Send to

Choose Destination
Epilepsia. 2005 Jul;46(7):1017-20.

Prolonged infusion of cycloheximide does not block mossy fiber sprouting in a model of temporal lobe epilepsy.

Author information

School of Veterinary Medicine, University of California-Davis, Davis, CA, U.S.A.



The role of protein synthesis in mossy fiber sprouting is unclear. Conflicting reports exist on whether a single dose of the protein synthesis-blocker cycloheximide administered around the time of an epileptogenic injury can block the eventual development of mossy fiber sprouting.


In rats, osmotic minipumps and cannulae were implanted to deliver 8 mg/ml cycloheximide to one dentate gyrus and vehicle to the other. This method has been used to block protein synthesis in the infused region for up to 5 days with minimal neurotoxic effects (Taha and Stryker, Neuron 2002;34:425-36). After 2 days of infusion, rats were treated with pilocarpine to induce status epilepticus. Pumps were removed 3 days later. Thirty days after pilocarpine treatment, rats were perfused, and hippocampal sections were processed for Timm staining.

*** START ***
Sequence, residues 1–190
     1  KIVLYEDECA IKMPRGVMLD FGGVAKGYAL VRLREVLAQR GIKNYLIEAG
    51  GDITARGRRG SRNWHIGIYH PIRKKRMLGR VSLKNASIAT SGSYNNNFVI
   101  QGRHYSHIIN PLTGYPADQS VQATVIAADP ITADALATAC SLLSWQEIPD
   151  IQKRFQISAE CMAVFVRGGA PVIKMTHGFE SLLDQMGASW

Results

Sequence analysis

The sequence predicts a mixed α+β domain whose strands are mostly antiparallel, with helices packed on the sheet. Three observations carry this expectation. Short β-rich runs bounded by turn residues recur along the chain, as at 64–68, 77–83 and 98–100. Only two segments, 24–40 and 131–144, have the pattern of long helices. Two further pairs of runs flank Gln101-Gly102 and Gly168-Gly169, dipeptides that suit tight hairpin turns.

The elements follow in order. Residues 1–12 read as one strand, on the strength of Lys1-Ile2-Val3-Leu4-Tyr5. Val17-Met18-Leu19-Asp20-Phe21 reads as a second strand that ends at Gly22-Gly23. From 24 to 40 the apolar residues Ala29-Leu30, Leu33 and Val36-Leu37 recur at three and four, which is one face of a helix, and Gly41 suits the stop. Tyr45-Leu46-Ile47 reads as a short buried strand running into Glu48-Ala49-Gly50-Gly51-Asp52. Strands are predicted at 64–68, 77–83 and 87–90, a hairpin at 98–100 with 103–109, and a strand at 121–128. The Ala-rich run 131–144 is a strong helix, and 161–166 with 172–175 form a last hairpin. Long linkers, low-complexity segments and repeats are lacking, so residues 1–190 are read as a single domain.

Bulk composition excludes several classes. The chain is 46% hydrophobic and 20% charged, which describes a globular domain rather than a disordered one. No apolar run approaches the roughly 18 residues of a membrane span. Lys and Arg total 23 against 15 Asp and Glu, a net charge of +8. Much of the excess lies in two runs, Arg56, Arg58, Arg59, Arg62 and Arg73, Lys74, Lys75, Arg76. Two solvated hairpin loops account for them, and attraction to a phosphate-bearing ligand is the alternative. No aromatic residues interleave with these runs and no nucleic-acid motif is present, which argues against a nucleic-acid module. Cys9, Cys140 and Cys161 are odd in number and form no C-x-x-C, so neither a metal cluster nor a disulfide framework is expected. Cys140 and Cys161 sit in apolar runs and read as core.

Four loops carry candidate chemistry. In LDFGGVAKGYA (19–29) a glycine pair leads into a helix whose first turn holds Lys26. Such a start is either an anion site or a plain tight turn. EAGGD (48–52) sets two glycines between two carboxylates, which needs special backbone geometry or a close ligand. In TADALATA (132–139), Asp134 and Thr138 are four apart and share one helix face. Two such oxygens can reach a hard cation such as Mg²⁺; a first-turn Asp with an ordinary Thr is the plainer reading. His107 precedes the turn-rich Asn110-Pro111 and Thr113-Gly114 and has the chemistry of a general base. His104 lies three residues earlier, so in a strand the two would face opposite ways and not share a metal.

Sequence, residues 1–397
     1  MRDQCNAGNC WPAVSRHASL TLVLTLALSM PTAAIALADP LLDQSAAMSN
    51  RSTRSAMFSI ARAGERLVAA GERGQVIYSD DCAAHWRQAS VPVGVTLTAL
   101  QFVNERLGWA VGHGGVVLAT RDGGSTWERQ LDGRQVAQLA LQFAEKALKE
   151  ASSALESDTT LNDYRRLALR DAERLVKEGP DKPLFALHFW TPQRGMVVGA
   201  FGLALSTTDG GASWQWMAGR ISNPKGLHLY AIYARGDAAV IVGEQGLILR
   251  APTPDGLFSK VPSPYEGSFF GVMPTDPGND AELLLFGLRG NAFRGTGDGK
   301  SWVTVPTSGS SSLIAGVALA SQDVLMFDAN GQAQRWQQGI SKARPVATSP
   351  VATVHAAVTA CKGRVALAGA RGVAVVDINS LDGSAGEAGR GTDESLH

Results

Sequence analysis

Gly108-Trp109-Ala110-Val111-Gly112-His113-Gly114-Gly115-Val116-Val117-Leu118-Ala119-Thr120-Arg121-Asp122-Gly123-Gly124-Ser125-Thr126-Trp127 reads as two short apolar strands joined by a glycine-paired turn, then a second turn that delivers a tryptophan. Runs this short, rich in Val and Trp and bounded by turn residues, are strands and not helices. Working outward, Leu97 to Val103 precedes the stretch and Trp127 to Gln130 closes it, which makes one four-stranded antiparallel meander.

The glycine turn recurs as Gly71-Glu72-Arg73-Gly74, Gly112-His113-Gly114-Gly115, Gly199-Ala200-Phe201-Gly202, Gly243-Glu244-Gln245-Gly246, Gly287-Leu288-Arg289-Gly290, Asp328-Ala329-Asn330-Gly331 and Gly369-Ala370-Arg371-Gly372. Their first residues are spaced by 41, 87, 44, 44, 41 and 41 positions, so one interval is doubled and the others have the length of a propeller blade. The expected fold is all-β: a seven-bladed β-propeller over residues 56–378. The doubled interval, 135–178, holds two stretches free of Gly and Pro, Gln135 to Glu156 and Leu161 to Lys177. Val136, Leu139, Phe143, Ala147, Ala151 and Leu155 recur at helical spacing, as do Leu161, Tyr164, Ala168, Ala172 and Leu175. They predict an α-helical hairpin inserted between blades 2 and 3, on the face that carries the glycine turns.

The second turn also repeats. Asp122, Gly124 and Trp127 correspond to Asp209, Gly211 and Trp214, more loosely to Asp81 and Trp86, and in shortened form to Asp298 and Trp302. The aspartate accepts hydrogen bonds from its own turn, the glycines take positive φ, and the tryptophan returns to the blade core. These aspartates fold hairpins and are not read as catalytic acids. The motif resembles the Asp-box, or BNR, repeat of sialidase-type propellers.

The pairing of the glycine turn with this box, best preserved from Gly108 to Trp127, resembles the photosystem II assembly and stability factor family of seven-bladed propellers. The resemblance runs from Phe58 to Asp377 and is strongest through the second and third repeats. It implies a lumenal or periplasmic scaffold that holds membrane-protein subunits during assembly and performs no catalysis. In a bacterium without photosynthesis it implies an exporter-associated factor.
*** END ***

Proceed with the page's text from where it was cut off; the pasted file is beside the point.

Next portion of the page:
Timm staining revealed aberrant mossy fiber sprouting in the inner molecular layer regardless of whether hippocampi were treated with cycloheximide or vehicle. Cycloheximide-treated hippocampi displayed more aberrant Timm staining and more tissue damage around the infusion site than did vehicle-treated hippocampi.


Prolonged infusion of cycloheximide, spanning the period of pilocarpine treatment, did not block mossy fiber sprouting. This finding suggests that protein-dependent mechanisms around the time of an epileptogenic injury are not necessary for the eventual development of synaptic reorganization.

[Indexed for MEDLINE]
Free full text

Supplemental Content

Full text links

Icon for Wiley
Loading ...
Support Center